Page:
My blogger buddies – please see this as a personal invitation – I would love for you to join! First timers are also welcome, after all, I am one too! 🙂
November 2, 2006
I just can’t get enough of them. I’ve always loved trashy glam magazines, but having discovered the world of crafting, I’ve switched to crafting magazines, and care less about the love life of Brad and Jolie. A few months ago I got me a 2-year subscription for Scrapbooks Etc. which I love. I can leaf through and read it for months. I never get bored with all the color and inspiration and stories in it! Pity I can’t participate in any of the “win an 8,000 dollar scrapbooking room” contests. Wouldn’t that be great?
I think magazines are a cultural thing. A “thing” we don’t have here in Israel. I understood this fully in my visit to Athens in June. Seeing all of their small kiosks overflowing with magazines, made me so jealous. They have every single magazine you can imagine, translated into Greek! Vogue, Bazaar, Cosmopolitan, Maison & Decoration, to name just a few. I was really amazed (putting my translator cap on for a sec: just think of all that fun work for translators!). In Israel the only translated magazine we have is Cosmopolitan (well, because we’re not talking about National Geographic-type magazines now, right?), and we have about 3-4 women’s magazines in Hebrew, which are both unexciting and very expensive. Besides, we don’t have the cultural element. I don’t know anyone who would admit to buying these magazines, and the only place I’ve seen people read them here are at the dentists’. I wonder why…hmmm… I want me a regular supply of glossy magazines with nice perfume scents to try, and all the paper crafting magazines I get!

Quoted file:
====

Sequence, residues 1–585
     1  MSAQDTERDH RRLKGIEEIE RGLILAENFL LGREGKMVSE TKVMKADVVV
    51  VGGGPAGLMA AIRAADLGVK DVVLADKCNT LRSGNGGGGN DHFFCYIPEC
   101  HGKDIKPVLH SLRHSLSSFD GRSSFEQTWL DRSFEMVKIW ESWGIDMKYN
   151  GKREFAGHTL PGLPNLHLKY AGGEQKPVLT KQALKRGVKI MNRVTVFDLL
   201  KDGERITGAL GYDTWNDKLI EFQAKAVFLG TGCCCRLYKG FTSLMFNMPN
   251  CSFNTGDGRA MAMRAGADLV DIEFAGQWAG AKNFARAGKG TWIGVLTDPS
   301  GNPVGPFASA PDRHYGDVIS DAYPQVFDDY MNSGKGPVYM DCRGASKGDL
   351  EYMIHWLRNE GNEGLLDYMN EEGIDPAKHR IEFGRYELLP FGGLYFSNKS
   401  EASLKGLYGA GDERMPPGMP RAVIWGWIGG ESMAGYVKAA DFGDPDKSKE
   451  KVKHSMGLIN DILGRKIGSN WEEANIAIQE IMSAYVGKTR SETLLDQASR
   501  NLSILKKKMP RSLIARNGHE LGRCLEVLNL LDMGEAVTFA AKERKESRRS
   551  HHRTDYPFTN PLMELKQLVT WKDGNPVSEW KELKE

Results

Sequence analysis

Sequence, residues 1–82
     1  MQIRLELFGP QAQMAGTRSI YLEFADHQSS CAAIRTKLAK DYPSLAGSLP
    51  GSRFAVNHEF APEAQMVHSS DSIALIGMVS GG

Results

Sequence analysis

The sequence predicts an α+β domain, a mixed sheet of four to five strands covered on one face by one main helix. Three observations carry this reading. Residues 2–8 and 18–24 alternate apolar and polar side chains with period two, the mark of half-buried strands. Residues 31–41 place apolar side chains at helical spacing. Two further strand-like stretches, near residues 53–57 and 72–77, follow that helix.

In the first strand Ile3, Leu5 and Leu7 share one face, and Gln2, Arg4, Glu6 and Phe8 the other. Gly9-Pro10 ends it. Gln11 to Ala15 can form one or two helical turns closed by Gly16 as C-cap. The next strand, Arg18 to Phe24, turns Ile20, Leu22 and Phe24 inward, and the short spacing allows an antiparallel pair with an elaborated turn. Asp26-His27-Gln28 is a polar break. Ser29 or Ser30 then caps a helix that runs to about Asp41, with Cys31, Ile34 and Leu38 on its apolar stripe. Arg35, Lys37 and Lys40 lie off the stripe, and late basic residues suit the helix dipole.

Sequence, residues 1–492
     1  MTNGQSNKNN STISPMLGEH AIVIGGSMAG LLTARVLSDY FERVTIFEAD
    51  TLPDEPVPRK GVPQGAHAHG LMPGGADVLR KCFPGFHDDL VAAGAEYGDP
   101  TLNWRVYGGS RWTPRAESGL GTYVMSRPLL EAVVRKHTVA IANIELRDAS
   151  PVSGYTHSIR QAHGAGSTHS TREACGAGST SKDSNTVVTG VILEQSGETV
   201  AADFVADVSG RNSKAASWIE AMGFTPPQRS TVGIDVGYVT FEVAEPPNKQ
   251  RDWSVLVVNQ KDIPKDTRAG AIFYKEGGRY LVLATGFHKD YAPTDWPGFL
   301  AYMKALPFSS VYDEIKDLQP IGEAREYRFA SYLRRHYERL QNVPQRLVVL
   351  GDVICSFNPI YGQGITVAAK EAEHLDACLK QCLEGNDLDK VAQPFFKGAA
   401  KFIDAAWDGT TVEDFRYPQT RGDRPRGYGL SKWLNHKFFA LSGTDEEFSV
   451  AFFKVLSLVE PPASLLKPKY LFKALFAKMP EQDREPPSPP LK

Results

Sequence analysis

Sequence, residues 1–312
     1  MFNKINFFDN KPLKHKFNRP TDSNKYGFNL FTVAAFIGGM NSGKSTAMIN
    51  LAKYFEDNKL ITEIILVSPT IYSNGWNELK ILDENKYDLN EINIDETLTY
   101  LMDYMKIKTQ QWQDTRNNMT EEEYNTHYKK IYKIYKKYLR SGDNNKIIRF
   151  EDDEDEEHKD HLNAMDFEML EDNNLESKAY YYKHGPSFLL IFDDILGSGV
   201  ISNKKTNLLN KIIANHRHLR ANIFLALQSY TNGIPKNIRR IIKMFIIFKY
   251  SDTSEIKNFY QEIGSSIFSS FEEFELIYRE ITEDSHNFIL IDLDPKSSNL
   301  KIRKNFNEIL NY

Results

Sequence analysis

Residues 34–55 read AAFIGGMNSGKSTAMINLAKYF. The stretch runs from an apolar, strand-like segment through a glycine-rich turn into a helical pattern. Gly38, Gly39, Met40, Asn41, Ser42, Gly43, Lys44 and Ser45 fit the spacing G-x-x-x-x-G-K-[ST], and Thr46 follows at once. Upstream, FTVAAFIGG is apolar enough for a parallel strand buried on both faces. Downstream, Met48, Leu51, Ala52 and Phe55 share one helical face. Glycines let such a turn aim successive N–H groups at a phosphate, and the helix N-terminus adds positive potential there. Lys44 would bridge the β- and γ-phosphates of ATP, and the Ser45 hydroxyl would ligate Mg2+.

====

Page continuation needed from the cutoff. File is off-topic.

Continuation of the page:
Well, as of this week I have a 2-year subscription to Cloth Paper Scissors as well, and three Somerset Studio magazine back issues are making their way to my mailbox. I just can’t wait. I know you want to see my beautiful back issues, so you can peek here, here and here, and make sure you scroll down to see all the beautiful art work photos.
I tell you, the simplicity of one-click online shopping is going to kill me. Or make me completely broke. Real soon. Well, at least I’ll have lots of magazines to enjoy! 🙂
My next purchase, I can just see it coming… I just NEED this set of stamps below, by Julie Van Oosten (Stampington & Co.) – aren’t they gorgeous?